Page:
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WHO Releases Report On Global Spinal Cord Injuries

“The [WHO] says as many as 500,000 people suffer spinal cord injuries every year,” VOA News reports (DeCapua, 12/2). “People with spinal cord injuries are two to five times more likely to die prematurely, with worse survival rates in low- and middle-income countries, says a new report,” released Monday, RTT News writes, adding, “The report, titled ‘International perspectives on spinal cord injury,’ summarizes the best available evidence on the causes, prevention, care and lived experience of people with spinal cord injury” (12/3). According to the report, “males are most at risk of spinal cord injury between the ages of 20-29 years and 70 years and older, while females are most at risk between the ages of 15-19 years and 60 years and older”; “up to 90 percent of spinal cord injury cases are due to traumatic causes such as road traffic crashes, falls and violence”; and “variations exist across regions,” PANA/AfriqueJet notes (12/3).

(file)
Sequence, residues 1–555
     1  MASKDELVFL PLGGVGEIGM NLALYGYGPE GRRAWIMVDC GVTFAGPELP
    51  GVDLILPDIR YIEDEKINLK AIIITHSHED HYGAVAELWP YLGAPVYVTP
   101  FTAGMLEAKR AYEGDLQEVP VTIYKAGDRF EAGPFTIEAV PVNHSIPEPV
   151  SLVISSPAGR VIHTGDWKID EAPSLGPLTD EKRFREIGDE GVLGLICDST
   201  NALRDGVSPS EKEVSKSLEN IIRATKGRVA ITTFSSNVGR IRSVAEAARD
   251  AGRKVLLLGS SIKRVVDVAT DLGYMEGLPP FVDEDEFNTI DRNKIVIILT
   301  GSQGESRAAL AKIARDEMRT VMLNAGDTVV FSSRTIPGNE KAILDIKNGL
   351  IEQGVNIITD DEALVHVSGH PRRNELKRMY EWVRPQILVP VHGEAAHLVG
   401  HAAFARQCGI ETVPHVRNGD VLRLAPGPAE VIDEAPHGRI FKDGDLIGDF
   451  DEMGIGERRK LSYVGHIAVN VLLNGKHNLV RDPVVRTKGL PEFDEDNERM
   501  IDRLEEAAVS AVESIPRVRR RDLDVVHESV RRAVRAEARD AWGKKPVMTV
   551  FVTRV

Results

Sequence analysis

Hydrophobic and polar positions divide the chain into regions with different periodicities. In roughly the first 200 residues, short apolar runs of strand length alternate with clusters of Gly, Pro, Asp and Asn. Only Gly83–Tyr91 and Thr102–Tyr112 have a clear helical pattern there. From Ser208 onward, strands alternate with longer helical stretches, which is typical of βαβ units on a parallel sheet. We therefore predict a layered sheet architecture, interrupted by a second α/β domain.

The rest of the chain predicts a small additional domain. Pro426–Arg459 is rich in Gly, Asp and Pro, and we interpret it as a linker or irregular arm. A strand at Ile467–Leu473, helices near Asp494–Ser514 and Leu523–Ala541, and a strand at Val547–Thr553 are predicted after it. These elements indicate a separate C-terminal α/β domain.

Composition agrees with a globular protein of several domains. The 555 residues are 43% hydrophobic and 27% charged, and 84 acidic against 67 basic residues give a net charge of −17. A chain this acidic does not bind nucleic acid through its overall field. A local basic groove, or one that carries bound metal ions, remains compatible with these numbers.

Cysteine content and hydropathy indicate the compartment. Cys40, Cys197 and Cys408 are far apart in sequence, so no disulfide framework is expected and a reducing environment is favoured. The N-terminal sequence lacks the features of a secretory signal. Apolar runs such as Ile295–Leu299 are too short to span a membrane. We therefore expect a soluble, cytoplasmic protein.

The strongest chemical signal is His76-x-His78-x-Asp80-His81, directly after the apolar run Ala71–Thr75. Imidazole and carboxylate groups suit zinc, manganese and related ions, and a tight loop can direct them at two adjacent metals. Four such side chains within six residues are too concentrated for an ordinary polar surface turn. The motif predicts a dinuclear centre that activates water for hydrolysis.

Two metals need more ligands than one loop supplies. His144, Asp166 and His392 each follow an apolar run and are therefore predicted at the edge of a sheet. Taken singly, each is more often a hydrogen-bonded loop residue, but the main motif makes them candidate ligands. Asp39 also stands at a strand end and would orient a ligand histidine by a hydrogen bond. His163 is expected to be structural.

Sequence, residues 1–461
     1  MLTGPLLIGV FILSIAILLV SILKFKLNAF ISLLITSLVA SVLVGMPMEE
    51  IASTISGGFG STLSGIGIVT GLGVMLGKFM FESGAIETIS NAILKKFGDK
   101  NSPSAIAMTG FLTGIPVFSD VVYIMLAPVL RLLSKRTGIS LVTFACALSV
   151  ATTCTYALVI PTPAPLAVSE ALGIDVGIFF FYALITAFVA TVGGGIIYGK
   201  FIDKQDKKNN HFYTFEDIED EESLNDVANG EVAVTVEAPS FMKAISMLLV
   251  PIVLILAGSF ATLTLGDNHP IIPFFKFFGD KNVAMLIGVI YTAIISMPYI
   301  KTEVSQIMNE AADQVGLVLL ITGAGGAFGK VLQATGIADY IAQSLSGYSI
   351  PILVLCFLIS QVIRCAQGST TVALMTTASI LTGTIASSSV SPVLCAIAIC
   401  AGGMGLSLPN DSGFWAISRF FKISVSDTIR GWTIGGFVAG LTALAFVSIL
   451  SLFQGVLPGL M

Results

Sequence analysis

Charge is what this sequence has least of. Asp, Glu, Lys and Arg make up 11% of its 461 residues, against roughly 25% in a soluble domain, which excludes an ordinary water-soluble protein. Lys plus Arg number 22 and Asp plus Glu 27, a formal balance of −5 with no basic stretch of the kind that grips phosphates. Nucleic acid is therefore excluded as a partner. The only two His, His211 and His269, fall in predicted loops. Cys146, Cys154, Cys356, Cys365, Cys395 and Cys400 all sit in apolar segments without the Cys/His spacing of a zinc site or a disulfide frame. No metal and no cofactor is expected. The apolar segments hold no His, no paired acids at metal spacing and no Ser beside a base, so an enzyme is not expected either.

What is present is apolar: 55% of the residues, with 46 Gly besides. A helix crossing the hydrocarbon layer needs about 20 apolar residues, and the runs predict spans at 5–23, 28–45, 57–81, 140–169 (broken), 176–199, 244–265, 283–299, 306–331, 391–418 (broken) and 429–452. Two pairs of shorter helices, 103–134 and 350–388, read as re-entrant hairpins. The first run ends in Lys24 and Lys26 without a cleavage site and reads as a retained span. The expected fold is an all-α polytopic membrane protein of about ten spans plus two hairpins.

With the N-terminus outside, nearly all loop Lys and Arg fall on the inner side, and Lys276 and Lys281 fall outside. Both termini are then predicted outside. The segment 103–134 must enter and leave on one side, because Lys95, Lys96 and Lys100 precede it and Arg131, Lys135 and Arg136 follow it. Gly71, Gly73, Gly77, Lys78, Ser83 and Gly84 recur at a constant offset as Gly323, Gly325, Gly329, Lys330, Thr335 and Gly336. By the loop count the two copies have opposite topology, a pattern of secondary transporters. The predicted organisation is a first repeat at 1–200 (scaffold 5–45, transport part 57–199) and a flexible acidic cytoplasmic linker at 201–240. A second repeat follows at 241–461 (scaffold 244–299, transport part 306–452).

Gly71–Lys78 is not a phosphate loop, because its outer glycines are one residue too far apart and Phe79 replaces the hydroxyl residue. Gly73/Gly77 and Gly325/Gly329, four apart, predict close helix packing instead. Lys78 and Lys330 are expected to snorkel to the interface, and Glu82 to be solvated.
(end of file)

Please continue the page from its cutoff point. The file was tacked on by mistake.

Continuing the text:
According to a WHO press release, the report highlights several essential health, social and economic measures “for improving the survival, health and participation of people with spinal cord injury” — including “timely, appropriate pre-hospital management”; “acute care appropriate to the level and severity of injury”; “access to ongoing health care, health education and products”; and “elimination of discrimination in employment and educational settings,” among others (12/2).